Things happen at "the Porch" there at the corner of Malcolm X and Dawson.
Last Thursday I was running late, but made it to my normal sitting place about 2:15 p.m., a quarter hour late.
Seated on the steps were two men, one a friend, one a stranger.
Art, my friend, happens to be African American.
The newcomer, Mr. Ortega, Hispanic.
As I took my seat a bit behind the gents, I realized that I had stepped into a lively conversation.
Art, who used to work/volunteer at the Austin Street Shelter, defended himself for his decision last year to "kick Mr. Ortega out" of the facility for a indiscretion in behavior.
The conversation seemed to be heating up just as I sat down.
In just a few moments Mr. Ortega turned his anger my direction. After overhearing a brief conversation I had with two other men who passed by, picked up a bottle of water and engaged me in a conversation about the possibility of entering some of our permanent housing; Mr. Ortega lashed out at me.
"And, what the ______ are you doing out here?" he asked indignantly. "You can't do nothing. You're giving these guys false hope. Your water don't mean nothing!"
"Well, I need more housing units for sure, but you all deserve much better than living in a shelter," I tried to explain.
"I'm a Mexican, man!" he exclaimed, now shouting at me. "I don't need none of your ________ _________ help! I stand on my own feet and I don't need nothing you got!" he dismissed me.
"You might be surprised," I quipped with a smile.
"Yeah, you don't understand, Ortega," Art injected in my defense.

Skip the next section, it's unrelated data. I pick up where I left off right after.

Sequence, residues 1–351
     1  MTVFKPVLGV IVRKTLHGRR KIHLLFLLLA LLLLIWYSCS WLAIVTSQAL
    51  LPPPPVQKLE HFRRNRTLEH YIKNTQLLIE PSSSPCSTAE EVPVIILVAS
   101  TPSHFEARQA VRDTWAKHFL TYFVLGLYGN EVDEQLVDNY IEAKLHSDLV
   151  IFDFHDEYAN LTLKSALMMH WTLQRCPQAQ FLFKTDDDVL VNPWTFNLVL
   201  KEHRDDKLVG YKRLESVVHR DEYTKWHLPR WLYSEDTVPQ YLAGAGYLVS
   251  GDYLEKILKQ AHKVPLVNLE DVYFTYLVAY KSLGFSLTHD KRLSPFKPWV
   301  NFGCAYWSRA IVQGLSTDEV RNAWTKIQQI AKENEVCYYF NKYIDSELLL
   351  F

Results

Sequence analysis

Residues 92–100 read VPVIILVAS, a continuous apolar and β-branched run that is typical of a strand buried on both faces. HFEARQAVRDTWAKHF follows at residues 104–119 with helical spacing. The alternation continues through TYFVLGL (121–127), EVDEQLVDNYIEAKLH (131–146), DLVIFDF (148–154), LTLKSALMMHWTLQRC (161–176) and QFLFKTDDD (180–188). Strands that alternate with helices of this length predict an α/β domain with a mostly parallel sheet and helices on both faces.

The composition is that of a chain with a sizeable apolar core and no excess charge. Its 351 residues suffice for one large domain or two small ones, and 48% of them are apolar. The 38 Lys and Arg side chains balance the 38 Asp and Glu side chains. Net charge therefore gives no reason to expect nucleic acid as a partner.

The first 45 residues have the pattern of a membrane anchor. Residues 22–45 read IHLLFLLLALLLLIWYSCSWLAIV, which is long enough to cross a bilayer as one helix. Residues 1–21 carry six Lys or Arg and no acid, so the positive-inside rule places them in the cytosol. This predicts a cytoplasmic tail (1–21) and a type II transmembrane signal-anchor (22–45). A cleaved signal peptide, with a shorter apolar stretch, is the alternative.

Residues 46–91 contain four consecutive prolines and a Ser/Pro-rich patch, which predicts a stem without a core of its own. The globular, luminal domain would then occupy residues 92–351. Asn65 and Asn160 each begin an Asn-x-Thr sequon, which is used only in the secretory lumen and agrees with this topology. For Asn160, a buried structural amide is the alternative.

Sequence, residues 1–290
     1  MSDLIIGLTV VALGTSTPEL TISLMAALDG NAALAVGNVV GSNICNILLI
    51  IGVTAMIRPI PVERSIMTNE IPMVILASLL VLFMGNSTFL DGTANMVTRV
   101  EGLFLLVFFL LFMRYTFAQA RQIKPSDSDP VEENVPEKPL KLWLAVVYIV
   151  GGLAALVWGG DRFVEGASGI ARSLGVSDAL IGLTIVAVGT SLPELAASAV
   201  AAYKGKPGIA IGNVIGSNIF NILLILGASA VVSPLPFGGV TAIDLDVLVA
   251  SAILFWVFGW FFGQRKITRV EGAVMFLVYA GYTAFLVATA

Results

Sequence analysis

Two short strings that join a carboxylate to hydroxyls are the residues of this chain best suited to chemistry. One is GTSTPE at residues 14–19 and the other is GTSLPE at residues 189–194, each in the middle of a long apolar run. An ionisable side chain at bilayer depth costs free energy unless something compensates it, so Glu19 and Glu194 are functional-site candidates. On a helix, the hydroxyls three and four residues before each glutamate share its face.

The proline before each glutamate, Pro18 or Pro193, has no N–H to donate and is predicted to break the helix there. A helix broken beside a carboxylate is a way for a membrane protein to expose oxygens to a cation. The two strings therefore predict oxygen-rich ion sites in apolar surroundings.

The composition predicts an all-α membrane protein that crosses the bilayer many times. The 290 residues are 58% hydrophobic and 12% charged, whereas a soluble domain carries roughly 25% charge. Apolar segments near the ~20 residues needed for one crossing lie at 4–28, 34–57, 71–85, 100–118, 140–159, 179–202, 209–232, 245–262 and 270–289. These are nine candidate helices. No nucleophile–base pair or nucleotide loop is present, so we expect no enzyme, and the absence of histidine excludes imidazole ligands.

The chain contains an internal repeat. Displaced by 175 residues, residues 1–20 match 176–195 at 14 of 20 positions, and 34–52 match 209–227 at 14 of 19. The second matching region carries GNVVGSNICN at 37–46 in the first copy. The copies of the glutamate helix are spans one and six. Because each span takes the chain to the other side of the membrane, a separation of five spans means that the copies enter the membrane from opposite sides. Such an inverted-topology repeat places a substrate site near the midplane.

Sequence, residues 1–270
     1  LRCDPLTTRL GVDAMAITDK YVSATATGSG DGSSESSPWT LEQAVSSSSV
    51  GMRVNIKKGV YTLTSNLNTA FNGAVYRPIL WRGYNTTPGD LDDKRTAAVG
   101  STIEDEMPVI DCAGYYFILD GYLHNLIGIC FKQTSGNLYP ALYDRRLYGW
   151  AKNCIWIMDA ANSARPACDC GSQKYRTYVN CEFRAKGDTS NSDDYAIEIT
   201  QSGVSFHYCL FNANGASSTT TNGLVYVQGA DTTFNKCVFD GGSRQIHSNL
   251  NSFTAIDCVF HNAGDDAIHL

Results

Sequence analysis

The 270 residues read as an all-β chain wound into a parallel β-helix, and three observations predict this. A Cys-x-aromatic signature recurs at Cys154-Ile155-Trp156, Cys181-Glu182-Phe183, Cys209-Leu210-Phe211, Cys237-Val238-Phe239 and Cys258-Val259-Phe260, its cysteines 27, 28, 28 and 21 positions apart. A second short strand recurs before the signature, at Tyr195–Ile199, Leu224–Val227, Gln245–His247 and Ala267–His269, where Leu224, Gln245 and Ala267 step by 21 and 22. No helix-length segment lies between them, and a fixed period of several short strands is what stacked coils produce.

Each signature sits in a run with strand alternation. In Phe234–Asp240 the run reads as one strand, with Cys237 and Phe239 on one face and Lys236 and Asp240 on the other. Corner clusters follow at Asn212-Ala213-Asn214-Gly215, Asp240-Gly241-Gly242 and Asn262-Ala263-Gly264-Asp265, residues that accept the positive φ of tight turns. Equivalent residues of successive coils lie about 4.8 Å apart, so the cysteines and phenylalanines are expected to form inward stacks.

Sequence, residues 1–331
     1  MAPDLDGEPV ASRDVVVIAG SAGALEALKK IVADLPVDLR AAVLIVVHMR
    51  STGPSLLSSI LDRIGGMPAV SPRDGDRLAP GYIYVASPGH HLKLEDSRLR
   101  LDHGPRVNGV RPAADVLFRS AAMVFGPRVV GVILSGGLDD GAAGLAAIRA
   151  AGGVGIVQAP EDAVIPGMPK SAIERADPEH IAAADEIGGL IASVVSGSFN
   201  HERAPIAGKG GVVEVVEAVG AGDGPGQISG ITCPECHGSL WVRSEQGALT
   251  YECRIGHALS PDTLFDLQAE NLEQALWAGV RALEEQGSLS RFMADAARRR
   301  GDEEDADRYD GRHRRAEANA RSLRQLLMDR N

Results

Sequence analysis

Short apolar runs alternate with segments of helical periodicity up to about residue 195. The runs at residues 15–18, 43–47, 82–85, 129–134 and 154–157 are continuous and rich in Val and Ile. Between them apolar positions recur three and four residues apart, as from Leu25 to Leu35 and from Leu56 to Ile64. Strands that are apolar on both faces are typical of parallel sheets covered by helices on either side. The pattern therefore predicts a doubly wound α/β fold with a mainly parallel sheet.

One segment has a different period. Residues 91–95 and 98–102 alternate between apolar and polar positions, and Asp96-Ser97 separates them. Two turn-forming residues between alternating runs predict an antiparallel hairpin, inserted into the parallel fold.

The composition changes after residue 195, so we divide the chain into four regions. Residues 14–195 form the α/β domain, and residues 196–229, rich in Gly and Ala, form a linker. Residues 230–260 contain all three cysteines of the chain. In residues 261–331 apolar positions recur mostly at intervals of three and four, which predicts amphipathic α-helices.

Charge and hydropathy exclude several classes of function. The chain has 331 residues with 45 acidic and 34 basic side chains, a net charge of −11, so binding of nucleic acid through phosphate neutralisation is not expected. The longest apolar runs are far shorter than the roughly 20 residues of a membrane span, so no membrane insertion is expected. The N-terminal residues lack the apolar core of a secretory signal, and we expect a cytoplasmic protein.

"All you White guys are alike," he played the race card with defiance. "You're afraid of the blacks and you 'kiss up' to them and give them whatever they want."
At this point Art and I both laughed.
This conversation went on for almost two hours.
We reached momentary agreements.
A couple of times we almost arrived at conciliation and mutual appreciation.
When it was time for me to leave, Mr. Ortega called out to me, "Don't be afraid to come back!"
"Oh, I won't be afraid and I'll be back. We need to keep talking."
As I've thought about this conversation since Thursday, it has become clear to me that three men, one black, one brown and one white engaged in an honest conversation, expressed deep differences of opinion and perspective, but parted amicably with the notion of meeting again.
I'm not sure but we may have stumbled upon a pathway to community reconciliation. The secret is found in conversation, no matter how hard, rough or challenging. We'll stay at it.
Bishops, District Superintendents and Change
2 months ago